Broadly speaking, the essay that follows is the latest addition to my ongoing analysis of the British corporate science lobby and its popular campaigning arms, skeptics and quackbusters. Specifically, the essay focuses on attacks on Patrick Holford, the independent nutritionist, while trying to place the quackbusting journalist Ben Goldacre, who began this round of attacks, in a social and political context.

Dr Ben Goldacre rarely draws attention to the fact that he is a medical doctor, nor does he ever discuss, even in the most general terms, patients with whom he has come into contact, in the way that, for example, James Le Fanu does in his intelligent Sunday Telegraph column.  In fact, nothing Goldacre says seems to be grounded in everyday life, the condition of ‘ordinary people’ or the public at large.

Despite claiming to spend most of his life working in the NHS, he is circumspect about which London hospital he works in and what kind of medicine he practises. For someone who spends considerable amounts of time criticising those who practice non-allopathic medicine, for example nutritional practitioners, he might, one would think, make more of his NHS position.

Despite his claim to be a serious academician, and despite the fact that a number of his PR puffs say that he ‘has published academic papers in neuroscience’, there is no record on the significant databases of his having co-authored more than one academic paper, apparently written while he was a visitor at Milan University. The only way in which academic status can be measured is by the number of peer-reviewed papers or other notable publications such as books. It should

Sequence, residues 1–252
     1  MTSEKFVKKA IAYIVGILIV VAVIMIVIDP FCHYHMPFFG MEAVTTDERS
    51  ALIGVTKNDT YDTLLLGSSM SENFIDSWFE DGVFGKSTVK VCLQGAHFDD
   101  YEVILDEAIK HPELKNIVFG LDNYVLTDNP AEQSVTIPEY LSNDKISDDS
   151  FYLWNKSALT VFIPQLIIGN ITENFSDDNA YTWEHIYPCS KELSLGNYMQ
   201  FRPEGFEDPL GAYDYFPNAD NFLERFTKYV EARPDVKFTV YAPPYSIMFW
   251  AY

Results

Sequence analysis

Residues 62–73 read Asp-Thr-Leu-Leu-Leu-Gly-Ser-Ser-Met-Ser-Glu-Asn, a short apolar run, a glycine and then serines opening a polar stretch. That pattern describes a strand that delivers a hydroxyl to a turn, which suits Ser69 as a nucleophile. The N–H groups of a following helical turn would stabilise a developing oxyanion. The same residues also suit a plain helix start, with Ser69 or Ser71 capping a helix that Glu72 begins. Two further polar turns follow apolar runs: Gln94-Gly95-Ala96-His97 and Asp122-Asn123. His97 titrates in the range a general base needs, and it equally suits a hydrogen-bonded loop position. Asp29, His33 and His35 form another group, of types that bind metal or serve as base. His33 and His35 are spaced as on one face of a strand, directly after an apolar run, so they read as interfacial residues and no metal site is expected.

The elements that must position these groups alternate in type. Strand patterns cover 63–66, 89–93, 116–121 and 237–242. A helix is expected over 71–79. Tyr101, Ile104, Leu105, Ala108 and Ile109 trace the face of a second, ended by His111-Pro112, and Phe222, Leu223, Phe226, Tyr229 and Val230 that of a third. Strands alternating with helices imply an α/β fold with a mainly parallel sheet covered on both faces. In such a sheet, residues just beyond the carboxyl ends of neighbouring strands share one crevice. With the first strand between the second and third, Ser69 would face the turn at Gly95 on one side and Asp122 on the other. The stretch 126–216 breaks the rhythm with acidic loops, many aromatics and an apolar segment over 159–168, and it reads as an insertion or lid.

be pointed out that the engorgement of un-provable academic credentials is one of the major points of criticisms he addresses when writing his quackbusting articles.

QUACKBUSTER OR JOURNALIST: DOES BEN GOLDACRE HAVE CONFLICT OF INTERESTS?

In 1999, two years after New Labour had come to power and Lord Sainsbury had been rewarded for his campaign donations, Goldacre was funded by the British Academy to do his Masters degree in philosophy at King’s College.

Today, the British Academy (BA) is funded by the Office of Science and Innovation (OSI), which sits within the DTI.28 In the past it has always been linked to both the Royal Society and the Royal
Institution. It claims to ‘maximise the contribution made by our science, engineering and technology skills and resources to the UK’s economic development, and to the quality of our lives’. Of course, one is bound to wonder how the quality of public life could be enhanced by Ben Goldacre gaining an MA in philosophy.